It‘s possible to return to light activity soon after carpel tunnel surgery. Following restrictions like not lifting heavy objects and avoiding repetitive hand use can help you heal properly.

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Carpel tunnel syndrome (CTS) can happen when there’s ongoing pressure on a nerve in your wrist. This can lead to numbness, tingling, burning, and pain.

You may require surgery if you’ve had severe symptoms for a long time. The surgical procedure to treat CTS is called carpel tunnel release. It can be open surgery or endoscopic, and it involves cutting the carpal ligament.

While carpel tunnel release can relieve CTS symptoms, following certain restrictions after surgery is essential to ensure proper healing.

Most people can do light activities with their hands soon after carpel tunnel surgery. A doctor can give you individualized advice on which activities to avoid. These can vary widely depending on your medical history and the type of work you do.

In general, it’s best to avoid:

  • lifting heavy objects
  • gripping with force, such as when squeezing recovery balls
  • walking with your hand dangling or sitting with your hand in your lap
  • using your hand in a repetitive way
  • hyperextending your wrist
  • getting the stitches wet
  • doing any activity that causes significant discomfort

You should also avoid keeping your fingers still. It’s a good idea to start moving your fingers as soon as possible after the procedure, as this helps keep swelling down and reduces stiffness. This type of movement can usually start immediately after surgery.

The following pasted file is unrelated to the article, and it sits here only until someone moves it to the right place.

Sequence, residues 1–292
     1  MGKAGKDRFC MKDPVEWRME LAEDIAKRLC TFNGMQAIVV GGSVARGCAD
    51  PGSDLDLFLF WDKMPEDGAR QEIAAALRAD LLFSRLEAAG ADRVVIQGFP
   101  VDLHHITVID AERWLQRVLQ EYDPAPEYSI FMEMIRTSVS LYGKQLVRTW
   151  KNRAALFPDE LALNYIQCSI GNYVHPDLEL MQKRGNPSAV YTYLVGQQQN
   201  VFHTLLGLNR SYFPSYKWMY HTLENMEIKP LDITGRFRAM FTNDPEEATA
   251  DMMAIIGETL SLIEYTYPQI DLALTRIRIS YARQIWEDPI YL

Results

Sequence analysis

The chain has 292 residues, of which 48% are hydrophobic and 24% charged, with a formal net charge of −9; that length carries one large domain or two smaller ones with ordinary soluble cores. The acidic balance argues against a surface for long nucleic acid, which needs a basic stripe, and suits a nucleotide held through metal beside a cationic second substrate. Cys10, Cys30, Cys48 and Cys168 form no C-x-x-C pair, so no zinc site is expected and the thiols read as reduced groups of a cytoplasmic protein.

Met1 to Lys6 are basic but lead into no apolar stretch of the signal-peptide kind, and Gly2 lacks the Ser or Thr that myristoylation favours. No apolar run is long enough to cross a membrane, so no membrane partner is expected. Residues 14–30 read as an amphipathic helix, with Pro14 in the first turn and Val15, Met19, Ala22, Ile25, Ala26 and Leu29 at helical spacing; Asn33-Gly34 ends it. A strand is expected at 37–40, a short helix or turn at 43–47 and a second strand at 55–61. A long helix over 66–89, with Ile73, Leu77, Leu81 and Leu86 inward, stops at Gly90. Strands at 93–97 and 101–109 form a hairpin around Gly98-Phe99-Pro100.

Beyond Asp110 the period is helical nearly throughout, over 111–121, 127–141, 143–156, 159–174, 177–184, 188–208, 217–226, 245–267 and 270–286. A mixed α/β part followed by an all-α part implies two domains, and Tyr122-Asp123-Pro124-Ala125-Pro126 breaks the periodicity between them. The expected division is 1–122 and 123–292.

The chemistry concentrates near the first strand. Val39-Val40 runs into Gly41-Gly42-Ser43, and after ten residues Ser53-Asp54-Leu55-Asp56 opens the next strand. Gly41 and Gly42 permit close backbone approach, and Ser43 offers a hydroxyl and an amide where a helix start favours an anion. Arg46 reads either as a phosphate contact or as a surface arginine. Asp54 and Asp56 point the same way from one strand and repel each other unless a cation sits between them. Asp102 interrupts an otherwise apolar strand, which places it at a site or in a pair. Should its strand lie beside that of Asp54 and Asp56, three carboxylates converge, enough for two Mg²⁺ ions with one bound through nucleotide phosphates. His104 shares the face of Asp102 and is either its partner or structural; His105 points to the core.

After the surgery, you can take a few steps at home to help reduce discomfort and allow your wrist and hand to heal.

This could include:

  • Keeping your hand elevated: A sling or wrap can help you secure your hand upright around your chest.
  • Keeping the dressing dry: Wearing a large glove or plastic bag over your hand while bathing can prevent water from getting into the dressing or stitches.
  • Using your hand for daily activities: Moving your fingers for light activities can help with rehabilitation. When possible, try gently using your hand to get dressed, eat, and brush your hair.
  • Wearing a splint or wrist brace: A doctor might recommend a splint or brace for several weeks after surgery. This can provide extra support to the wrist and may help prevent overexertion.
  • Taking over-the-counter (OTC) pain relievers: Carpel tunnel release surgery usually causes only minor pain. You can take OTC pain medications like acetaminophen (Tylenol) or ibuprofen (Advil) to help manage symptoms.
  • Massaging the scar: You can typically start doing this after the stitches come out, but it’s important to follow the timeline laid out by the doctor. Massaging the area can help prevent the skin around the scar from becoming tight.

During your first post-operative visit, a doctor can advise you on when it will be safe to remove your dressing.

Several exercises can help with recovery after carpal tunnel release.